Posted on | April 28, 2011 | No Comments
Over two years ago, Dr. Guy Turcotte, a Laurentian cardiologist, assassinated his two children and tried to take his own life using poison in a rented house of Piedmont. The trial opened last week, stirring up media frenzy. Surrounding this trial, a crucial question: do we really need to disclose the entire proof to the public? Do we have a right to do so?
Josée Blanchet, of the Devoir, posted on Twitter this morning her horror at the trial and her fears that her children will find these pictures and words. I have to say that I share her feeling to a certain extent.
I will not go through the macabre description of the murder scene. Other media took care of this – readers looking for gore will easily be able to find it online. The events description and autopsy reports not only send a chill down my spine, they also conjure up an unstoppable feeling of helplessness and unending sorrow at the thought that the victims were, in the end, defenceless and perfectly conscious children.
This shook me to the core, as few news items were able to do in the past few years. These images haunt me and make me regret the time I wasted finding out about them. Yet I am normally not the overly sensitive kind. I am thus forced to question the necessity to broadcast so many details about this aggression, both in the transcripts and the pictures submitted as proof. At this point I have to question the need to broadcast information and balance our freedom of speech with another fundamental right, that right of every person to personal well-being.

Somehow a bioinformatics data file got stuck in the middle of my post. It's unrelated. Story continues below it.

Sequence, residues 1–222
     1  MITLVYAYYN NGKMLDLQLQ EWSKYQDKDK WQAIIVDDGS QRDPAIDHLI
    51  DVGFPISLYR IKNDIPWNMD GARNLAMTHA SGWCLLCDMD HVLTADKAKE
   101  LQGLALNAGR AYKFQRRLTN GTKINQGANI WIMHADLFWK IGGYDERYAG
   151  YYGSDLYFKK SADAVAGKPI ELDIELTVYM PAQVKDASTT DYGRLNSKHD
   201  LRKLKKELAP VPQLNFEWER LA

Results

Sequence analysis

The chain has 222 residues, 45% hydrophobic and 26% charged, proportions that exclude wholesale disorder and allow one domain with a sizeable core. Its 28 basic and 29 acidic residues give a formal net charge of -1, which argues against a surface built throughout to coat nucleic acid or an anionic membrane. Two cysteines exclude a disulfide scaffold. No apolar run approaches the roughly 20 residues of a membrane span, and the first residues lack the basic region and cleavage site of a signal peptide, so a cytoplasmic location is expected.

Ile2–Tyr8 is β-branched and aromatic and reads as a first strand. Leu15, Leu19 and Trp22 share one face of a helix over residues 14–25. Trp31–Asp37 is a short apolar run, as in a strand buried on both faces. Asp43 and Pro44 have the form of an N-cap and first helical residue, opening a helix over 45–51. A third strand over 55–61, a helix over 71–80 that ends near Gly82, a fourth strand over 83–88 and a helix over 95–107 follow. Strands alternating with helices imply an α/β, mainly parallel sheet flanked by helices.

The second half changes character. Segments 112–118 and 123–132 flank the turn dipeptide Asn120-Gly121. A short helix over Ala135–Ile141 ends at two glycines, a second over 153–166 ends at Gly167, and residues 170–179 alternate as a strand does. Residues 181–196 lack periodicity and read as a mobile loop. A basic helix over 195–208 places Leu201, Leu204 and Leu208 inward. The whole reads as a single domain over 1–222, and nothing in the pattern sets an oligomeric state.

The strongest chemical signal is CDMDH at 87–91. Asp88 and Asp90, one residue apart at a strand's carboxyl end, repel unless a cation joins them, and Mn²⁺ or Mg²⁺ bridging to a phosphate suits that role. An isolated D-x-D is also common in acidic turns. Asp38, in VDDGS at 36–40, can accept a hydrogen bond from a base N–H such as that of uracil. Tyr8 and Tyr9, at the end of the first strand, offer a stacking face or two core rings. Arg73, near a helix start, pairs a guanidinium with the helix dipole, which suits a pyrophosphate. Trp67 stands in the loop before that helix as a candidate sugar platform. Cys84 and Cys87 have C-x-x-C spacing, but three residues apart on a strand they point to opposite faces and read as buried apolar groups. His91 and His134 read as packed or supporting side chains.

As I said, the transcript of the murder scene shook the foundations of my being. But I am only a distant bystander, relatively uncaring. There are however people closer to this entire story, friends of the murdered children, neighbours and families. There are also people in the public at large who are hit more strongly when they hear about these kinds of circumstances, who can feel a lot more anxious about this. I would be the last one to blame them.
The explicit description of the massacre is of no use to me. I can’t conceive that it would be of use to anyone, except those who will need to hand in a verdict on Dr. Turcotte. Otherwise, a certain level of self-censorship may be worth more than thoughtless broadcast of the facts. Can I be proved wrong? Various media have set up camp on both sides of this claim. So has the public – but the free-riding voyeurism which led to the current state of thing should probably be balanced by a sense of ethics, of our responsibilities, and a minimal level of empathy for a public made of people with varied interests and sensibilities.